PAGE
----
WASHINGTON, Sept 15 (Reuters) - The U.S. Treasury Department said on Tuesday that banks receiving government bailout funds cut their new lending by 10 percent in July.
A monthly survey of lending activities at the top 22 banks that have received capital injections showed their overall outstanding loan balance was down 1 percent from June to July because of less demand from borrowers and charge-offs by banks, the Treasury said.
“Total origination of new loans at the 22 surveyed institutions decreased 10 percent from June to July,” the Treasury report said, adding that the value of new loans by all the banks was about $282 billion in July.
The decision to pump taxpayers’ money into banks was motivated largely by lawmakers’ wish for banks to keep lending, but a sluggish economy and more cautious consumers appear to be leading to more cautious use of credit.
Treasury said banks again reported that demand in the commercial real estate and the commercial and industrial loans markets “is well below normal levels,” adding that “none of the respondents predicted change in demand in the near term.”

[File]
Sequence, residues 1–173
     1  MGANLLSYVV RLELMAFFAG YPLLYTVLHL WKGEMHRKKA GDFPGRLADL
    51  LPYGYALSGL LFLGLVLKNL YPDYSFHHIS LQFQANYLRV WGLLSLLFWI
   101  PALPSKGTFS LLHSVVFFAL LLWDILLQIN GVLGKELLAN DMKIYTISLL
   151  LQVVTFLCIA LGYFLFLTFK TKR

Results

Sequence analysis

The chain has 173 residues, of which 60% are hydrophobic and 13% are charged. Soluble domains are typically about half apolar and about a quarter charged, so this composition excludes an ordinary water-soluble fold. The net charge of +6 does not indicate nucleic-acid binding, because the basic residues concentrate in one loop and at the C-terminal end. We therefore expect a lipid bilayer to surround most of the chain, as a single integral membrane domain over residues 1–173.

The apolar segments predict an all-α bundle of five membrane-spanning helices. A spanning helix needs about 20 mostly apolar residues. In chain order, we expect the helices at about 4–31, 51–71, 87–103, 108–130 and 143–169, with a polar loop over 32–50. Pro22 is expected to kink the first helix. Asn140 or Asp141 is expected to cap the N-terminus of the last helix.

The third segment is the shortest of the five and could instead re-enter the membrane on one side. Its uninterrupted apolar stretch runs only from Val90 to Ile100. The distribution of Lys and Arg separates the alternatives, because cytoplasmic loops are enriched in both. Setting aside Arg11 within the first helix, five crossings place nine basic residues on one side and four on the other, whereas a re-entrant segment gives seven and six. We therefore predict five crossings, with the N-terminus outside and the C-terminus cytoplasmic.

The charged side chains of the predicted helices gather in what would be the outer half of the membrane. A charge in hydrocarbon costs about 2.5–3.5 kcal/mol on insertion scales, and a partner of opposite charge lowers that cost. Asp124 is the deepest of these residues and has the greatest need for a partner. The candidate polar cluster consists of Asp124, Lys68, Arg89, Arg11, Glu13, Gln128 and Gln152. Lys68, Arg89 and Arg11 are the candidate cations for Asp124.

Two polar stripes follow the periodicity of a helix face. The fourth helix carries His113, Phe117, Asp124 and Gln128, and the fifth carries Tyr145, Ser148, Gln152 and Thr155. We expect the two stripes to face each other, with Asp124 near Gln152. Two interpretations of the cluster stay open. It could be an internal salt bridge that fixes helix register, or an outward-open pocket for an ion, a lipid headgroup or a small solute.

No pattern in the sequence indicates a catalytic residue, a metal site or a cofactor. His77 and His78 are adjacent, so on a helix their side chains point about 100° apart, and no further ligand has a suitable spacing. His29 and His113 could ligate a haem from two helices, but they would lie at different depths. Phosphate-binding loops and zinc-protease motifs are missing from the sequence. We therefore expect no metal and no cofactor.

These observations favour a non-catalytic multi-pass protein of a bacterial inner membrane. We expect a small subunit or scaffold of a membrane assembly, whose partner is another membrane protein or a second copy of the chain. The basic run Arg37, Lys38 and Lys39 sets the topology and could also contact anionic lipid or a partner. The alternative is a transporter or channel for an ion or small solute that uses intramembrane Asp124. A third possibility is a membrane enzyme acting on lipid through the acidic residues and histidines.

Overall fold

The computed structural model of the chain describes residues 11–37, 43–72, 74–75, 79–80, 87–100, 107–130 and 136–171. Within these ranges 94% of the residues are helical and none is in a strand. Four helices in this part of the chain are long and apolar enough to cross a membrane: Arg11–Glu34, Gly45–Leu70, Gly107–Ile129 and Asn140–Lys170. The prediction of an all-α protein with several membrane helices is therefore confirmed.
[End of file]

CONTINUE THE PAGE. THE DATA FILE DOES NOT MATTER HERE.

Banks said real estate developers were reluctant to begin new projects “under current poor economic conditions, which include a rising supply of office space as firms downsize and vacancies rise.”
In addition, total credit card outstanding balances fell by 1 percent from June to July, indicating that consumers were spending conservatively and paying down balances.
“Job losses, generally low levels of consumer spending and higher savings rates contributed to the decline in credit card balances,” Treasury said. (Reporting by Glenn Somerville; Editing by Leslie Adler)